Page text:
12;Cadillac;Research
11;Ford;Accounting
10;Chrysler;Sales


The dictionary on the return is because this code is part of my
TurboGears application.
The entire method is:


import csv
from utilities.urw import UnicodeWriter, UnicodeReader


@expose(allow_json=True)
def import_roles(self, input=None, *args, **kwargs):
inp = 'C:/temp/test.csv'
roles = []
msg = ''
## try:
fp = open(inp, 'rb')
reader = csv.reader(fp, dialect='excel', delimiter=';')
## reader = UnicodeReader(fp, dialect='excel', delimiter=';')
for r in reader:
roles.append(r[0])
fp.close()
## except:
## msg = "Something's wrong with the csv.reader"
return dict(filepath=inp,
roles=str(roles),
msg=msg)


csv.reader results in: for r in reader: Error: line contains NULL
byte


Use of UnicodeReader results in: UnicodeDecodeError: 'utf8' codec
can't decode byte 0xff in position 0: unexpected code byte


Will post only complete code from now on thanks.

 
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John Machin
Guest
Posts: n/a
 
      12-17-2008
On Dec 18, 1:28*am, aka <(E-Mail Removed)> wrote:
> Hi John, thanks.
> You're right, I didn't past the method header because I thought it
> didn't matter when the input filename is hardcoded.
> The try/except isn't very helpful indeed so I commented it out.
> You're right I wrongly referred to the UnicodeReader
> class in my first post because that's ultimately where I want to go
> so
> I outcommented it here for you to see.
> The fact is that neither csv.reader nor the UnicodeReader will read
> the file, while writing with the UnicodeWriter
> works like a charm.
> That's why I put str() around roles to see any content.
> I simplified the csv-file by cutting off columns without result. The
> file looks now like:
>
> id;company;department
> 12;Cadillac;Research
> 11;Ford;Accounting
> 10;Chrysler;Sales
>
> The dictionary on the return is because this code is part of my
> TurboGears application.
> The entire method is:
>
> import csv
> from utilities.urw * * * import UnicodeWriter, UnicodeReader


Pardon my ignorance, but what is "utilities.urw"??

>
> * * @expose(allow_json=True)


Means what? Does what?
Does the problem still happen without that?

Funny, the indentation changed there --- for the very last time, is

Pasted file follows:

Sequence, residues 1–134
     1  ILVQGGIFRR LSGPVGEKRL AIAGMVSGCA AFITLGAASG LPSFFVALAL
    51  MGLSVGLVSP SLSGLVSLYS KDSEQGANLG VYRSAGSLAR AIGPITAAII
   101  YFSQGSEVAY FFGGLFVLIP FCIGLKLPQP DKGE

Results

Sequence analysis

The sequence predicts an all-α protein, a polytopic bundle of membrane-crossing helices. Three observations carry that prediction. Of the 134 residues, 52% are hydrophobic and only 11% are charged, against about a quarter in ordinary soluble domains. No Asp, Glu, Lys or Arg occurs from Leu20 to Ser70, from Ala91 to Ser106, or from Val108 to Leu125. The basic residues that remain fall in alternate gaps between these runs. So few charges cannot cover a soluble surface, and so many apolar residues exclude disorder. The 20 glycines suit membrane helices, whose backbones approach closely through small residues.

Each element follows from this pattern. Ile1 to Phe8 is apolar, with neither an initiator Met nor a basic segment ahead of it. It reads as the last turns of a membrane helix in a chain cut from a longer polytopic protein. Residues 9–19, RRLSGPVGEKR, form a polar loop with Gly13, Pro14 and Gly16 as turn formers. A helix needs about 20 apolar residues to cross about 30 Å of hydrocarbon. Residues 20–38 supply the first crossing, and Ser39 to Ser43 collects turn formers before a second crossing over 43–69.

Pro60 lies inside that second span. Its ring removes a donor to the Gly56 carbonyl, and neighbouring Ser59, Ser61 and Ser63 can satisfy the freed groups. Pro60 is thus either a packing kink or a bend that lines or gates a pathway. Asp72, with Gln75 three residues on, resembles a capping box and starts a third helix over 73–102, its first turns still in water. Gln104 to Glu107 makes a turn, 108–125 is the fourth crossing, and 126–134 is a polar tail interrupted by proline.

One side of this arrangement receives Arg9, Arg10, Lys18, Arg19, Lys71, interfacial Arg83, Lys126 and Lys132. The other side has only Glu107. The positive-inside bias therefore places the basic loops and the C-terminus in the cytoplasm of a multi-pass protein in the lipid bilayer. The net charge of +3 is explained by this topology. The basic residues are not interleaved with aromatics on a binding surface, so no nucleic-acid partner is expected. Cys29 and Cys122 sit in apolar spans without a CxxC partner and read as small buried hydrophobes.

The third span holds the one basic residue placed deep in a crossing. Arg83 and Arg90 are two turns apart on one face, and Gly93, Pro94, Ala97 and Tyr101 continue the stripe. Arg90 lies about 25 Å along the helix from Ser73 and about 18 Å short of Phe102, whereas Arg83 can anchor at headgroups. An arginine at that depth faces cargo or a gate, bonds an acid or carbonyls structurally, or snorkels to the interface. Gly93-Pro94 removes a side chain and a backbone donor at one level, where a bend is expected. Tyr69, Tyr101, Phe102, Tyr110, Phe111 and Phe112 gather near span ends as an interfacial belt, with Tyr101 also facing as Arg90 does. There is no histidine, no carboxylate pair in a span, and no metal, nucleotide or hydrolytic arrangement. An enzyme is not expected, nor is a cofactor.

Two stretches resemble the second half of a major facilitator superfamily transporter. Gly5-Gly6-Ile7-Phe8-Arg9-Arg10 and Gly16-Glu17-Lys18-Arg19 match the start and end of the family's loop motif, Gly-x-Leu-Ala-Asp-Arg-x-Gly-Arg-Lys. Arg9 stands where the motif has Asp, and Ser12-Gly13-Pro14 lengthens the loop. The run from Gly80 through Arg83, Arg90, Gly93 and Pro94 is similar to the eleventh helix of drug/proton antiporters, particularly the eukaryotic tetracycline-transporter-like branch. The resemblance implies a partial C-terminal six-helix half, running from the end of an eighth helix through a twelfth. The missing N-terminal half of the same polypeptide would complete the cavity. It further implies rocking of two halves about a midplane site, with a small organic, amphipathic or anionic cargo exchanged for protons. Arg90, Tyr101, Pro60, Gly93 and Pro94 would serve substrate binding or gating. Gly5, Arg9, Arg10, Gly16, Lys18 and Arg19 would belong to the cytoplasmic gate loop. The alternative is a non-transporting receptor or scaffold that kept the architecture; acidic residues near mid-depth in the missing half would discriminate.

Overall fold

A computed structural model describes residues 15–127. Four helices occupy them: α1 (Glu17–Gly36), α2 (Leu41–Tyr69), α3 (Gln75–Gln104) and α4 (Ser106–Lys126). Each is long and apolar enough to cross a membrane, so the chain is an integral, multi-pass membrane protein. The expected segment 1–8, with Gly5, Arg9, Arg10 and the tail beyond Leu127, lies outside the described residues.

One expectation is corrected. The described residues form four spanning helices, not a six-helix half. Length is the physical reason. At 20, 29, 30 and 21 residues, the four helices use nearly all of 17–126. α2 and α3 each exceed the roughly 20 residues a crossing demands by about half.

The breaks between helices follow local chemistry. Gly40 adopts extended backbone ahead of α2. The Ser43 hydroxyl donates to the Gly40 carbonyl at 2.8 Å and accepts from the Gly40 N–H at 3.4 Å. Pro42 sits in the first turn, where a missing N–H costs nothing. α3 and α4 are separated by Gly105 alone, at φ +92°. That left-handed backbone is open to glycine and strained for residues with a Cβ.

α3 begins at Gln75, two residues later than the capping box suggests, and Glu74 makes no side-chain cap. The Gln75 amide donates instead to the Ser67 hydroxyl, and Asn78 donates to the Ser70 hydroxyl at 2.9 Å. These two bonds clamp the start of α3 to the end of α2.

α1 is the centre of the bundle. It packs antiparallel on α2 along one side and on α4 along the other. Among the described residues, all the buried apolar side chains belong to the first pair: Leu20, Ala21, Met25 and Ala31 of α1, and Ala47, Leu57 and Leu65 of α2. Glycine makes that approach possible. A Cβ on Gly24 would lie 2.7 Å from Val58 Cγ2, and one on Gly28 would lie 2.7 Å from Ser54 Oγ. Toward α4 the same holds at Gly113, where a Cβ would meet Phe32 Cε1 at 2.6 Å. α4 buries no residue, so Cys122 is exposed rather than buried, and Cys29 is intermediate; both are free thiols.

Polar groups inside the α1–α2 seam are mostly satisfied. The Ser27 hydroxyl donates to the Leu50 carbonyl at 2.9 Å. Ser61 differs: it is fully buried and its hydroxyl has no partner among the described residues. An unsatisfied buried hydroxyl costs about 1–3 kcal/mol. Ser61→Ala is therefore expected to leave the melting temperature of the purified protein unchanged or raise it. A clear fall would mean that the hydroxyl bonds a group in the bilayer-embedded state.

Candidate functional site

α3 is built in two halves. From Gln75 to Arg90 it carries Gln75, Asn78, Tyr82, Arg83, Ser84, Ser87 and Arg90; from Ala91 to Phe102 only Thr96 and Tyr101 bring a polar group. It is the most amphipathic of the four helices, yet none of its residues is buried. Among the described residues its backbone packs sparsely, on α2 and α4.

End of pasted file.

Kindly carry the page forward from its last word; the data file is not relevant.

that the actual code of a standalone script that reproduces the
problem?


> * * def import_roles(self, input=None, *args, **kwargs):
> * * * * inp = 'C:/temp/test.csv'
> * * * * roles = []
> * * * * msg = ''
> * * * * ## try:
> * * * * fp = open(inp, 'rb')
> * * * * reader = csv.reader(fp, dialect='excel', delimiter=';')
> * * * * ## reader = UnicodeReader(fp, dialect='excel', delimiter=';')
> * * * * for r in reader:
> * * * * * * roles.append(r[0])
> * * * * fp.close()
> * * * * ## except:
> * * * * * * ## msg = "Something's wrong with the csv.reader"
> * * * * return dict(filepath=inp,
> * * * * * * * * * * roles=str(roles),
> * * * * * * * * * * msg=msg)
>
> csv.reader results in: for r in reader: Error: line contains NULL
> byte


Looks like the file is stuffed. Have you tried inspecting it with a
tool that would actually show a '\x00' or a '\xff' unambiguously? If
you don't have a fancy one, use the Python interactive prompt:

open('your_file.csv', 'rb').read()
>
> Use of UnicodeReader results in: UnicodeDecodeError: 'utf8' codec
> can't decode byte 0xff in position 0: unexpected code byte
>
> Will post only complete code from now on thanks.


Just make sure it's runnable and it's what you actually ran thanks.
 
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rdmurray@bitdance.com
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Posts: n/a
 
      12-17-2008
Quoth John Machin <(E-Mail Removed)>:
> On Dec 18, 1:28 am, aka <(E-Mail Removed)> wrote:
> > @expose(allow_json=True)

>
> Means what? Does what?
> Does the problem still happen without that?


Means what he's posting is not a standalone script

He says it's part of his turbogears ap. @expose says that this
method is callable by name from a URL, and allow_json means
it can be called with a parameter requesting a json formatted
response instead of html.

> Funny, the indentation changed there --- for the very last time, is
> that the actual code of a standalone script that reproduces the
> problem?


Alex, I would strongly suggest that you move your code out into a
standalone script and debug it there (you'll get more help from this
group if you do, for one thing!). After you get it working
standalone you can incorporate it back into your Turbogears ap.

--RDM